AI Executive Order, the Full Breakdown

The White House’s long-awaited executive order on “Safe, Secure, and Trustworthy” artificial intelligence is finally here, and it left little room to miss its underlying message: the laissez-faire era of AI regulation is over.

Among the 100+ pages of actions guiding the direction of responsible AI development, President Biden laid out several initiatives poised to make an immediate impact within healthcare, including…

  • Calling on HHS to create an AI task force within six months to assess new models before they go to market and oversee their performance once they do
  • Requiring that task force to build a regulatory structure that can “maintain appropriate levels of quality” in AI used for care delivery, research, and drug development
  • That structure will require healthcare AI developers to share their safety testing outcomes with the government
  • Balancing the added regulation by ramping up grantmaking for AI development in areas such as personalized immune-response treatments, burnout, and improving data quality
  • Standing up to serve as the go-to resource for federal AI standards and hiring, a decent signal that there’ll be actual follow-through to cultivate public sector AI talent

The FDA has already approved upwards of 520 AI algorithms, and has done well with predictive models that take in data and propose probable outcomes. 

  • However, generative AI products that respond to human queries require “a vastly different paradigm” to regulate, and FDA Digital Health Director Troy Tazbaz believes any new structure will involve ongoing audits to ensure continuous safety.

There’s already been tons of great post-game analysis on these developments, with the general consensus looking like a cautious optimism. 

  • While some appreciate the order’s whole-of-government approach to AI, others worry that “excessive preemptive regulation” could slow AI’s progress and delay its benefits.
  • Others are skeptical that the directives will be carried out at all, given the difficulty of hiring enough AI experts in government and passing the needed legislation.

The Takeaway

President Biden’s executive order aims to thread the needle between providing protection and encouraging innovation, but time will tell whether it’ll deliver on some much-needed guardrails. Although AI is a lightning-quick industry that doesn’t exactly lend itself to the type of centralized long-term planning envisioned in the executive order, more structure should be an improvement over regulatory uncertainty.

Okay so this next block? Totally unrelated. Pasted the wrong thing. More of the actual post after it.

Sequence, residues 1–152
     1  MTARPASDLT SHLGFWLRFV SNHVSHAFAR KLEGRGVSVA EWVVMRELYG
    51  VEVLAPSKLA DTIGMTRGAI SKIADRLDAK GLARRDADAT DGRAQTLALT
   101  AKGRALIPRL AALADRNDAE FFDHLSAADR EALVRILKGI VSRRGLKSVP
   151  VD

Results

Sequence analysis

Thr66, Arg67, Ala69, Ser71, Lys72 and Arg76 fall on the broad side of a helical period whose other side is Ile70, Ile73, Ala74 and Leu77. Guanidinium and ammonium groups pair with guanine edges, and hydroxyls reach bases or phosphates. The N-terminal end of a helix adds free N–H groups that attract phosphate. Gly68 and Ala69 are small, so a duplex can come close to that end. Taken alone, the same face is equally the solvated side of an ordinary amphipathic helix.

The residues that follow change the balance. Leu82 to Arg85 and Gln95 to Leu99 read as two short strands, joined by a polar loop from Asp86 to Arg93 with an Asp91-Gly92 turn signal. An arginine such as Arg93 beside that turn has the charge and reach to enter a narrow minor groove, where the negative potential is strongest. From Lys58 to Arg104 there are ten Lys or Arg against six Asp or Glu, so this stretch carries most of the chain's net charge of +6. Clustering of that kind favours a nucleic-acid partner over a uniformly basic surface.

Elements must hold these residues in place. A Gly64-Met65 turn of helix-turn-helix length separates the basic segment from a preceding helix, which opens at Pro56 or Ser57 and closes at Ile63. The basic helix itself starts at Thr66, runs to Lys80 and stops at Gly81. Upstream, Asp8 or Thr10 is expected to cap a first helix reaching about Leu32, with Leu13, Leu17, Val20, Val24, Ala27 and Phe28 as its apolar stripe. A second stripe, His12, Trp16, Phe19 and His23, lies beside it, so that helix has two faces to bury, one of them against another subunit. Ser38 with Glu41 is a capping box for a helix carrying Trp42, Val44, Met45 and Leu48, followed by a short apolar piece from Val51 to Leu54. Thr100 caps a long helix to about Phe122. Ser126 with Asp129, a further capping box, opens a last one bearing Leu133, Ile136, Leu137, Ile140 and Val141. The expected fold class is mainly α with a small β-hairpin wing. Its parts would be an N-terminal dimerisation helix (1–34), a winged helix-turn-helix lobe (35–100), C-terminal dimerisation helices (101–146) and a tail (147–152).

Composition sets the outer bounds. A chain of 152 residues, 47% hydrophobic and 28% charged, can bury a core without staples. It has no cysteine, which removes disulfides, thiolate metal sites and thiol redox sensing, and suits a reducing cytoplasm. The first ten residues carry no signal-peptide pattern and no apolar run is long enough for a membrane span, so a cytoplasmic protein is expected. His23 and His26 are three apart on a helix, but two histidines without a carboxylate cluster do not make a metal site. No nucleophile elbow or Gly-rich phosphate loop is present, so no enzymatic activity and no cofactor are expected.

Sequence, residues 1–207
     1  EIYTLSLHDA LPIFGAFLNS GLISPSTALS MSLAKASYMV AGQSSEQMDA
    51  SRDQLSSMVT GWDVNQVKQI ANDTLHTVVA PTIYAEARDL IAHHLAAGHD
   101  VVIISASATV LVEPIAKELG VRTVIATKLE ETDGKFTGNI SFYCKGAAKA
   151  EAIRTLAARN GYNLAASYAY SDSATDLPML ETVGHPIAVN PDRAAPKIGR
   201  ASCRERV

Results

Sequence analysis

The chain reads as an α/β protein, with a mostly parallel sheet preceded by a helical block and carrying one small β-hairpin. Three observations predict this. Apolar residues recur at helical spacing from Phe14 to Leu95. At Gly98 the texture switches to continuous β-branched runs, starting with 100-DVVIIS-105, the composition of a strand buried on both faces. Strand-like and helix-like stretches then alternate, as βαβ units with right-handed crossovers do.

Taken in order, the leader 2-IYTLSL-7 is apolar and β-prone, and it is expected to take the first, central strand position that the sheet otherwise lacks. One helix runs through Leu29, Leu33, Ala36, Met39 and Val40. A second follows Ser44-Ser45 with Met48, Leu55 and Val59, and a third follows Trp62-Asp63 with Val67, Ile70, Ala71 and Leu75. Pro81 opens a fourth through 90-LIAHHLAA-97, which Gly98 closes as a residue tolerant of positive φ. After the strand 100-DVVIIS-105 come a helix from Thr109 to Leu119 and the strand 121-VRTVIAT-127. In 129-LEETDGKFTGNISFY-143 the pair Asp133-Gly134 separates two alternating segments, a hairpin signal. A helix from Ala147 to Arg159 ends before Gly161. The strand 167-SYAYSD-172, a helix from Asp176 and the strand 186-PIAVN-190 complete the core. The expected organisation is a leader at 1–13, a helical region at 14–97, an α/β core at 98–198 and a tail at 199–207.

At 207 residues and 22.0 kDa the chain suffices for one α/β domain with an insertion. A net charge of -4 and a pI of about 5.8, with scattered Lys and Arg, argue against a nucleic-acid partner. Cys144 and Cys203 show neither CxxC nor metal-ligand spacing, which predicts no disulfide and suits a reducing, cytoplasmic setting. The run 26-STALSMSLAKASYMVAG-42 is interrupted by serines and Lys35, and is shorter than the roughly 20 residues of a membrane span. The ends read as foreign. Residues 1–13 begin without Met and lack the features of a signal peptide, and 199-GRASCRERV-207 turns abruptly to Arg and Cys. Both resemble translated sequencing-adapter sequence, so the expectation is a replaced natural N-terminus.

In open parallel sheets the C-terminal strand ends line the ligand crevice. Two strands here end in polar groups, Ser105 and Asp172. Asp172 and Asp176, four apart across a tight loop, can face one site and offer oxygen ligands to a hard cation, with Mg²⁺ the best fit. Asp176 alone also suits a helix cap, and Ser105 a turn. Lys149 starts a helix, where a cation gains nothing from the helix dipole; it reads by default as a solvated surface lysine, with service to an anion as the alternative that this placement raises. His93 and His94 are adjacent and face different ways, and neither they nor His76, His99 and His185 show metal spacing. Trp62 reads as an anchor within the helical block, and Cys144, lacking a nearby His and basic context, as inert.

Abridge Lands $30M As AI Race Heats Up

Momentum makes magic, and few startups have more of it than AI medical scribe Abridge after landing $30M in Series B funding from Spark Capital and high-profile strategics like CVS Health, Kaiser Permanente, and Mayo Clinic.

Abridge’s generative AI platform converts patient-provider conversations into structured note drafts in real-time, slashing hours from administrative burdens by generating summaries that rarely require further input (clinicians edit less than 9%).

The Series B is one of this year’s largest raises for pure play healthcare AI, an area that now accounts for about a quarter of all capital flowing into health IT.

One of the reasons why investors are taking such a keen interest in Abridge is its partnership hot streak, which includes Epic bringing them on as the first startup in its new Partners and Pals program – a move that will make Abridge available directly within Epic’s EHR.

  • It also probably doesn’t hurt that Abridge isn’t shy about sharing its performance data and machine learning research, giving it one of the deepest publication libraries of any company we’ve ever covered.
  • On top of that, Abridge has been racking up a lengthy list of deployments at health systems such as UPMC, Emory Healthcare, and University of Kansas Health System.

The competition is fierce in the AI scribe arena, which is packed with hungry startups like Suki and Nabla, as well as a thousand-pound gorilla named Nuance Communications.